- How you see yourself affects your approach to job hunting.
- Feeling depressed impacts your sense of self-worth.
- Improve your self-esteem with help from an outside perspective.
It’s hard enough to choose a career path or find a job when you feel great about yourself. But if you feel lousy about yourself, it’s a next-to-impossible task.
Whether called self-esteem, self-confidence or self-worth, if yours is low, you’ll struggle with just about any career-related issue. Why? Because your feelings about yourself are behind practically everything you do — or don’t do — where your career is concerned.
Many of the college students and recent graduates I work with, whether here on MonsterTRAK.com or in person, struggle with issues of self-worth. These feelings can show up in a variety of ways. Do any of the following descriptions sound like you?
- Some students not only have trouble finding a job; they have trouble looking for a job. They just don’t feel like trying — an attitude that often carries over into the rest of their life and emerges in feelings of anxiety, despair and worthlessness, which can raise more serious concerns like clinical depression.
- Other students feel they just don’t deserve the job or career they really want, or that they won’t be able to pursue their dream job even if they try. These students believe the good jobs and careers are for someone else.
- Still other students feel completely overwhelmed by the career-selection or job-hunting process. They don’t even know where to begin, and then they start labeling themselves as stupid or dumb (or something even more demeaning) because they’re struggling, which only makes the problem that much worse.
As one student put it on the Career Planning for College Students message board:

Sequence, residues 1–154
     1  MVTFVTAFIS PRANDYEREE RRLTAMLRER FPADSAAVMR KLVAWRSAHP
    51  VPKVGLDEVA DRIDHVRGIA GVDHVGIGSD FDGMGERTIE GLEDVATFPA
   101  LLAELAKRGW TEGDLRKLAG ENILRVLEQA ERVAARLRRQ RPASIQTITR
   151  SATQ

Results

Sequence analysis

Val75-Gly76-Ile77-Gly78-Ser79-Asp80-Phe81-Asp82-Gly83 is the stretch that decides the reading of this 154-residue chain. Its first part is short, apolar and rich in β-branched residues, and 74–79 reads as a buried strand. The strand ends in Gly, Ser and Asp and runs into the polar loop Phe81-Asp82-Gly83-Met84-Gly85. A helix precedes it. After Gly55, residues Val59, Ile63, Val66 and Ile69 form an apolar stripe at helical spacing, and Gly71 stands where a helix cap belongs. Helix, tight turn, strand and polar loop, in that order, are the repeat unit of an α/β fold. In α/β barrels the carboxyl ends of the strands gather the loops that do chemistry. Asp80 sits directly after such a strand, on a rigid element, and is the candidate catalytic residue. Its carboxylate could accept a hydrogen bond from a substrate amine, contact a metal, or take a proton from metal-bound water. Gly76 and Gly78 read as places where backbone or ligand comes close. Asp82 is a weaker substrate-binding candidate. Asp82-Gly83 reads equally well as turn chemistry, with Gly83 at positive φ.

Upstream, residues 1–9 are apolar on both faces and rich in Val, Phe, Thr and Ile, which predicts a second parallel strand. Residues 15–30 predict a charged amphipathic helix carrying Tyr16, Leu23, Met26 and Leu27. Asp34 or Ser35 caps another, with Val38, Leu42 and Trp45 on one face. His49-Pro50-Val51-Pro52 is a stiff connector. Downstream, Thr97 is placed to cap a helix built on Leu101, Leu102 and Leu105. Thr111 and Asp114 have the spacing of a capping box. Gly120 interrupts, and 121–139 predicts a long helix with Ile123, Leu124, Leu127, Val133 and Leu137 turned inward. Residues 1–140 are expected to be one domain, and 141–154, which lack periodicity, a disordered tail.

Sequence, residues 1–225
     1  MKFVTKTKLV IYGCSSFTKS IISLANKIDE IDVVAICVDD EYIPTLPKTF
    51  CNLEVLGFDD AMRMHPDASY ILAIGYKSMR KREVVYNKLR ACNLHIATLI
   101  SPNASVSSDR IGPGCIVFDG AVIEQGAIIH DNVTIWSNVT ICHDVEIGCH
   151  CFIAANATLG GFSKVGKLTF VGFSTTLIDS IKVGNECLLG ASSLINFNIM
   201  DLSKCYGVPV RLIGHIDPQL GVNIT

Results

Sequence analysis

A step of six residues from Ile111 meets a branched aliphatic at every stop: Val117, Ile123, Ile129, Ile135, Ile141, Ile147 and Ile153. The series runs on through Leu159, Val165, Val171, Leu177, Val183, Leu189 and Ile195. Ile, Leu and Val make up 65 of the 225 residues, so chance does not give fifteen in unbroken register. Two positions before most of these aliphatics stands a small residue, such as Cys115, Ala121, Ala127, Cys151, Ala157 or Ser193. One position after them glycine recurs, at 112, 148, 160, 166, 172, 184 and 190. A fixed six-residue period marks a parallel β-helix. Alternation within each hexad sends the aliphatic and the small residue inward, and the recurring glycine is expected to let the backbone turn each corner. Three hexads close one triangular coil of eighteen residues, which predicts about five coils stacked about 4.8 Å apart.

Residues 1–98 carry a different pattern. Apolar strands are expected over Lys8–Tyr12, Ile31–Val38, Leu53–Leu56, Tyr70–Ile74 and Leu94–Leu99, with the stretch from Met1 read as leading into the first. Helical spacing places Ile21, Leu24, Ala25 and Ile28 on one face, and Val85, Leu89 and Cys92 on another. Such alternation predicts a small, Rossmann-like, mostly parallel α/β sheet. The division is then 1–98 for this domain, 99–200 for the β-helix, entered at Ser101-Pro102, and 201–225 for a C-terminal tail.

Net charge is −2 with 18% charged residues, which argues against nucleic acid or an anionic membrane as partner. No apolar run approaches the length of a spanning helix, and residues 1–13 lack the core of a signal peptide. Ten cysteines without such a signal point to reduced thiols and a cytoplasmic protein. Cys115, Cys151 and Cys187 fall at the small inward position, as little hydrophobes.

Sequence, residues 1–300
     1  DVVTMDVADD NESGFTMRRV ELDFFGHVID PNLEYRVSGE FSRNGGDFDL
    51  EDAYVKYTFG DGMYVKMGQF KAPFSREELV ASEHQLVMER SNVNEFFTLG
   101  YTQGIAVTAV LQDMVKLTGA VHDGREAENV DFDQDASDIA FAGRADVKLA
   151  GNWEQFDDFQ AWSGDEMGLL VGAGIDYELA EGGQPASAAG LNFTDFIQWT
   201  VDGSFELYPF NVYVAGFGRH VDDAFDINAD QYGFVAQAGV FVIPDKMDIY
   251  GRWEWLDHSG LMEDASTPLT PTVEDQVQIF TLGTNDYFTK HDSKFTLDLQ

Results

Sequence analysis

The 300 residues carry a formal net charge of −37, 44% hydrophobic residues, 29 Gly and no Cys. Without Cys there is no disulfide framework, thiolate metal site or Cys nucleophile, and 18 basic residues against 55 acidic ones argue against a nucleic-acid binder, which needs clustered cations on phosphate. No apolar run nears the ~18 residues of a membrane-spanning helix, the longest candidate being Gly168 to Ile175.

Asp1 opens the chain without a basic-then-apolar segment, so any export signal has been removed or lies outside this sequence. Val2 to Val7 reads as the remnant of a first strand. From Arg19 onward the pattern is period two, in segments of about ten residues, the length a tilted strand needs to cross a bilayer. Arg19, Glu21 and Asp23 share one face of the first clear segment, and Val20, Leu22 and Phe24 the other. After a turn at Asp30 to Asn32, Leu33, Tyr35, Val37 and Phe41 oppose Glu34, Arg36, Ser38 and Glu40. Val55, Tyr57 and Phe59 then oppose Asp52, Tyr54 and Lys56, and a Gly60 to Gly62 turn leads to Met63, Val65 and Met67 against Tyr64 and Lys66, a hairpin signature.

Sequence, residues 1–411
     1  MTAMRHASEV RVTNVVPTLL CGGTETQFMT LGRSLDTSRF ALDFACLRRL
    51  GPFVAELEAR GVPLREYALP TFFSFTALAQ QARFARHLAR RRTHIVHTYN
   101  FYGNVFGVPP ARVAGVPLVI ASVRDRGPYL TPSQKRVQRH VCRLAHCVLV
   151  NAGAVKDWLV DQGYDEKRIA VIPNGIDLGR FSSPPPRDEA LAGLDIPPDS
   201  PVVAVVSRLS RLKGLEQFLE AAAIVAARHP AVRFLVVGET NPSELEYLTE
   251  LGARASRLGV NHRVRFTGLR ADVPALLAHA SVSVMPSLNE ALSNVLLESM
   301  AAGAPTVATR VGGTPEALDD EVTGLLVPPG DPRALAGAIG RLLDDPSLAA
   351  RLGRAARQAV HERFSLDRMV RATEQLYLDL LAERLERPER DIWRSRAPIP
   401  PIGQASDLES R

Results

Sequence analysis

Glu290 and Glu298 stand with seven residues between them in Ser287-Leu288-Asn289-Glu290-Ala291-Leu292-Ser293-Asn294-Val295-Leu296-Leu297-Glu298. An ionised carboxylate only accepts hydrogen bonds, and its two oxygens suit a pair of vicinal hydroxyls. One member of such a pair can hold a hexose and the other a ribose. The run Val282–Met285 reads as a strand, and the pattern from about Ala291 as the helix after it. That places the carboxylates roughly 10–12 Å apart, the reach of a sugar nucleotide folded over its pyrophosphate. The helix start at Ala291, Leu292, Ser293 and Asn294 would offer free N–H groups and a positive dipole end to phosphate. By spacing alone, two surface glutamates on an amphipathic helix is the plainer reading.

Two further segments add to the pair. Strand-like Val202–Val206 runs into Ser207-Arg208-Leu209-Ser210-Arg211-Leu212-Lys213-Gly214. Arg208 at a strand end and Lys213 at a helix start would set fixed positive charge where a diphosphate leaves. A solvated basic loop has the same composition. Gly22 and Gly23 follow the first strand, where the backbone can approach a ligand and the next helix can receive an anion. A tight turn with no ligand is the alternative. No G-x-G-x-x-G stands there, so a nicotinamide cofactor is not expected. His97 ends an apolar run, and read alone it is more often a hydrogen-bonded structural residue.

"I’m feeling very overwhelmed. Finding a job is like wandering through a city with a hundred dead-end roads, and only a couple of roads that go anywhere. And I have to somehow find that needle in the haystack. I know that I will not get most jobs I pursue, which diminishes my motivation."
Do you recognize yourself in any of these scenarios? If so, you’re almost certainly wrestling with issues related to your self-esteem. And you’ll almost certainly continue to struggle with them — and your career or job search — until you get some help.
Your best bet is a career or personal counselor at your school — someone who is highly trained in the issues college students typically face, and who can help you develop a more objective view of yourself. Often, it takes an outsider to help you see that you are smart and talented, you do have skills and knowledge to offer the world — including the world of work — and that you can get to where you want to go.
Will you be able to quickly turn your attitude around, and become completely positive overnight? Probably not. But with guidance and support you can achieve a more balanced view of yourself, so while you may still beat yourself up from time to time with one hand, you can pat yourself on the back with the other.
You’re worth at least that much. We all are.
Take this Self-Esteem Test to see how you really feel about yourself.